Posts filtered by tags: 11.16.20[x]


Creating A Campus Play When That Play Is ‘Spring Awakening’ And There’s A Pandemic On

Says a former theatre student of Baldwin Wallace University’s Victoria Bussert, “Theatres have shut down everywhere, and this woman is just like, ‘Fuck that! We’re doing a play, we’re doing theatre. Give me hoops—I will jump through them, but I will make it work.'” – American Theatre
Tags: Art, Theatre, 11.16.20

Update: What Americans For The Arts Is Doing During COVID

The urgency of this vision has never been more apparent than in 2020—amid a global pandemic, heightened focus on social justice and racial equity, a huge economic downturn, and a contentious presidential election. These issues have impacted every community across the country and devastated artists, nonprofit and for-profit creative businesses, educational systems, healthcare, and trust in government. And because of long-term systemic inequities, these challenges have more severely affected peop...
Tags: Art, Issues, 11.16.20

Booker Prize 2020 Goes To Douglas Stuart’s ‘Shuggie Bain’

The Scottish-American writer’s debut novel follows the title character, an impoverished boy in 1980s Glasgow, “as he attempts to care for his alcoholic mother, Agnes, whose descent into alcoholism coincides with her youngest son’s growing awareness of his sexuality. The novel is dedicated to Stuart’s mother, who died of alcoholism when he was 16.” – The Guardian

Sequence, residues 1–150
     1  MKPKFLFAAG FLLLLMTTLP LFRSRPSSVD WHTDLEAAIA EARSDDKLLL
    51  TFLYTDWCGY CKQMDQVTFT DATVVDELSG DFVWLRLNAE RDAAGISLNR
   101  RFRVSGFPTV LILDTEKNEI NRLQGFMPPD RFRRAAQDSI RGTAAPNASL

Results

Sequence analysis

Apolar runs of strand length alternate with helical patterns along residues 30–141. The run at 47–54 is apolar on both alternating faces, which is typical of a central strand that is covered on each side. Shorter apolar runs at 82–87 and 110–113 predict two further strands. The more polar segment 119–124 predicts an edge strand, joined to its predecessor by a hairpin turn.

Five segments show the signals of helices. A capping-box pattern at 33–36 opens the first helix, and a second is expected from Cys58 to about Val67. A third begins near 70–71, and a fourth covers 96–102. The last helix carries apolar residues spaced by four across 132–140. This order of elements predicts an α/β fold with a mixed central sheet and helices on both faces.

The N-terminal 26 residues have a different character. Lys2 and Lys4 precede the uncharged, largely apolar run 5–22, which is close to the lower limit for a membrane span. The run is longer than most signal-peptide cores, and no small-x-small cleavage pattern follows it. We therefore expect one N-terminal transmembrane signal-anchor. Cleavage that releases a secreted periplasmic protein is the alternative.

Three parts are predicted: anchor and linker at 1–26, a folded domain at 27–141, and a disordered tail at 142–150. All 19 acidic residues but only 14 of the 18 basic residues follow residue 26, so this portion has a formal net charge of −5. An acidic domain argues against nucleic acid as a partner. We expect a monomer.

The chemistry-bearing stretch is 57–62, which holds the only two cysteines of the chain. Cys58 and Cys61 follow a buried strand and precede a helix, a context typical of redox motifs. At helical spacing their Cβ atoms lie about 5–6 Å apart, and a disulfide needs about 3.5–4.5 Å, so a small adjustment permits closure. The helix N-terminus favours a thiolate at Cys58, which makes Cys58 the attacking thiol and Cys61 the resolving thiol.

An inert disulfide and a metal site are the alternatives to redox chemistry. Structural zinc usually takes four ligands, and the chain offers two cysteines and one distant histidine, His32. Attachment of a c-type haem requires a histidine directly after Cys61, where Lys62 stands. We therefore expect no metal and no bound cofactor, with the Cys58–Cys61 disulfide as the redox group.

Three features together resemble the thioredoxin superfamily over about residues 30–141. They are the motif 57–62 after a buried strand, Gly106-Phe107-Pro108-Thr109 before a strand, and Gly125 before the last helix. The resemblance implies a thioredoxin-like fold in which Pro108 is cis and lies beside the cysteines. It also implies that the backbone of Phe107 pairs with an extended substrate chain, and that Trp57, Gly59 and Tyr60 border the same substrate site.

Tags: Art, Glasgow, Words, Stuart, Agnes, Douglas Stuart, 11.16.20, Shuggie Bain

How To Sing Opera In Mandarin Chinese

Katherine Chu and Juliet Petrus, both alumnae of San Francisco Opera’s Merola/Adler young artists’ program, have written “the first book to introduce Mandarin as a language for singing, with a detailed explanation for the creation of sounds and a system for learning them. … Singing in Mandarin combines a brief study of linguistics, notes about the history of China and Taiwan, the development and significance of Pinyin …, a wealth of information about Mandarin pronunciation, and scores with mult...
Tags: Art, Music, China, San Francisco, Taiwan, San Francisco Opera, Juliet Petrus, 11.16.20, Katherine Chu, Merola Adler

Andrew White, Versatile Musician And Jazz Scholar, Dead At 78

“Mr. White, who played the oboe, saxophone, bass and other instruments, performed and recorded for more than five decades” in classical and rock as well as jazz. … “He self-produced more than 40 albums of his music, encompassing contemporary jazz, classical oboe, funk, and rhythm and blues. He self-published [an] autobiography … as well as treatises on music, educational manuals and his original compositions and transcriptions.” – The Washington Post
Tags: Art, People, Andrew White, Mr White, 11.16.20

Why Our Brains Are Built To Forget

“We remember and we forget. Lots of people know that marijuana makes us forget, and researchers in the sixties and seventies wanted to understand how. They discovered that the human brain has special receptors that perfectly fit psychoactive chemicals like THC, the active agent in cannabis. But why, they wondered, would we have neuroreceptors for a foreign substance? We don’t. Those receptors are for substances produced in our own brains.” – Paris Review
Tags: Art, Ideas, Paris, 11.16.20

An Oral History Of Alex Trebek

“We talked to nearly 30 [Jeopardy!] contestants [from] over the past four decades — ranging from a player in the first episode to one whose winning moment went viral just earlier this month — about how Trebek became America’s most beloved game-show host.” – The Washington Post